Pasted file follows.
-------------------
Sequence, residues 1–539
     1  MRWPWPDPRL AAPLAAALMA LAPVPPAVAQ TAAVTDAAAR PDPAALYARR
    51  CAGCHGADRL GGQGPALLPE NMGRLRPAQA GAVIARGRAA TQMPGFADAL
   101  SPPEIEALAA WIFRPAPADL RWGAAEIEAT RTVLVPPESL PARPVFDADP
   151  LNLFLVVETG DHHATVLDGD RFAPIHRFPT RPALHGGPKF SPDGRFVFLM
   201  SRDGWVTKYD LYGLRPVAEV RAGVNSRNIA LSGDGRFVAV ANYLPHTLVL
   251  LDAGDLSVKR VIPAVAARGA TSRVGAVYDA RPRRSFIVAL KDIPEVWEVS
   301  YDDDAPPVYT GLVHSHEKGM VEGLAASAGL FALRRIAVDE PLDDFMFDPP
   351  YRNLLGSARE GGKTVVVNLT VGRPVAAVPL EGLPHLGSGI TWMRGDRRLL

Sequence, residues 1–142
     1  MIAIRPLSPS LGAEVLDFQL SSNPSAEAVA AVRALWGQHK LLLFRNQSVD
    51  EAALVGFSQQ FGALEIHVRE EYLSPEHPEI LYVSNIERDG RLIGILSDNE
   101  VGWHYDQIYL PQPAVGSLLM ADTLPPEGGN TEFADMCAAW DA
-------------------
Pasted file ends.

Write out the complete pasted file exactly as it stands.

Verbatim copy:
Sequence, residues 1–539
     1  MRWPWPDPRL AAPLAAALMA LAPVPPAVAQ TAAVTDAAAR PDPAALYARR
    51  CAGCHGADRL GGQGPALLPE NMGRLRPAQA GAVIARGRAA TQMPGFADAL
   101  SPPEIEALAA WIFRPAPADL RWGAAEIEAT RTVLVPPESL PARPVFDADP
   151  LNLFLVVETG DHHATVLDGD RFAPIHRFPT RPALHGGPKF SPDGRFVFLM
   201  SRDGWVTKYD LYGLRPVAEV RAGVNSRNIA LSGDGRFVAV ANYLPHTLVL
   251  LDAGDLSVKR VIPAVAARGA TSRVGAVYDA RPRRSFIVAL KDIPEVWEVS
   301  YDDDAPPVYT GLVHSHEKGM VEGLAASAGL FALRRIAVDE PLDDFMFDPP
   351  YRNLLGSARE GGKTVVVNLT VGRPVAAVPL EGLPHLGSGI TWMRGDRRLL

Sequence, residues 1–142
     1  MIAIRPLSPS LGAEVLDFQL SSNPSAEAVA AVRALWGQHK LLLFRNQSVD
    51  EAALVGFSQQ FGALEIHVRE EYLSPEHPEI LYVSNIERDG RLIGILSDNE
   101  VGWHYDQIYL PQPAVGSLLM ADTLPPEGGN TEFADMCAAW DA